We all have rough days where we are tired, irritable, or anxious. Maybe we didn’t sleep well the night before or we have a big test coming up or deadline at work. Maybe the kids are acting up and your husband forgot your birthday.
Things happen that make us feel bad for a little while, but when these negative emotions last for more than a few weeks or more, you may want to consider talking to your doctor or a professional counselor about it.
Here are eight warning signs you may be mentally and emotionally exhausted:
- You are easily irritated. Everything gets on your nerves and just kind of bugs the heck out of you.
- You have no motivation to do anything even the things you usually love doing.
- You are having anxiety or panic attacks, which include racing heart, rapid breathing, feeling like you’re going to pass out or die, or even less intense – just worrying incessantly about the same things over and over again and are unable to make yourself stop.
- You are having trouble sleeping. You either can’t fall asleep, can’t sleep through the night, and/or wake up early in the morning before you have to get up.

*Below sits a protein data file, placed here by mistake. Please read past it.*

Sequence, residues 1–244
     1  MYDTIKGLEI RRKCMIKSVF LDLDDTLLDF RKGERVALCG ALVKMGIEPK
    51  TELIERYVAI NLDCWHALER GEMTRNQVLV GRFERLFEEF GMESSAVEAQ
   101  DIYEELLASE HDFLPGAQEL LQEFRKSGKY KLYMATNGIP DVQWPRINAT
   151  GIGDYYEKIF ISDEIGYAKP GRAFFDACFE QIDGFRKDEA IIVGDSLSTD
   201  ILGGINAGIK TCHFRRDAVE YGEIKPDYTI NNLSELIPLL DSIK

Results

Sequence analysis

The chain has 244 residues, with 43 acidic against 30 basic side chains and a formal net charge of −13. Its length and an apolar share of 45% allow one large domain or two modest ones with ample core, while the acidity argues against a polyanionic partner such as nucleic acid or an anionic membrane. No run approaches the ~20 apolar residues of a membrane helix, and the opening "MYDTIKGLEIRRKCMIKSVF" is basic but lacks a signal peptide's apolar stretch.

- You have little patience and lose your temper easily with family, friends and coworkers.
- You start crying out of nowhere. Sitting at your desk, taking a shower, driving in the car just minding your own business and all of the sudden you burst into tears.
- You feel detached from reality, meaning that you go through your day without really feeling a part of anything or connected to anyone. You feel numb like you are experiencing the world through a fog.
- You feel empty. Although at times you feel strong emotions of anger, sadness, and fear, much of the time you actually feel void of any emotion. You feel like an empty vessel floundering in a vast sea of nothingness.
If you can relate to any of these signs, remember that you don’t have to go through this alone. I have been through all eight of these symptoms at one time or another. For me, talking to my doctor about them is the best way to ensure the symptoms do not get out of hand to the point of becoming dangerous to my well-being. I’d be happy to answer any questions you may have regarding mental health, depression, bipolar, borderline personality disorder, and anxiety. Contact me via my Facebook page.
Reference: The Minds Journal